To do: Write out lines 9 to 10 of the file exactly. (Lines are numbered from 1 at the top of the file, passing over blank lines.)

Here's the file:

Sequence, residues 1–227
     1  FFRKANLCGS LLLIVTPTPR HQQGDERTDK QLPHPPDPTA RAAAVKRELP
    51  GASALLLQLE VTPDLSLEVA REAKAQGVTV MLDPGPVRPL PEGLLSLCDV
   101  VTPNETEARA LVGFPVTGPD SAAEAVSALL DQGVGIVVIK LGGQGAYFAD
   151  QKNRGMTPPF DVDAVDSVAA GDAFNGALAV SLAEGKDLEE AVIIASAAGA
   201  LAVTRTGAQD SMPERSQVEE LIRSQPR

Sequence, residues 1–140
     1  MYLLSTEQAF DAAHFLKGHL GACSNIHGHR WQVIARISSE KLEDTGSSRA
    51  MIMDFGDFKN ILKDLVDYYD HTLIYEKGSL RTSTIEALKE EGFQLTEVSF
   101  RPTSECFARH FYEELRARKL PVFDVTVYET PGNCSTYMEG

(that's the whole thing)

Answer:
    51  MIMDFGDFKN ILKDLVDYYD HTLIYEKGSL RTSTIEALKE EGFQLTEVSF
   101  RPTSECFARH FYEELRARKL PVFDVTVYET PGNCSTYMEG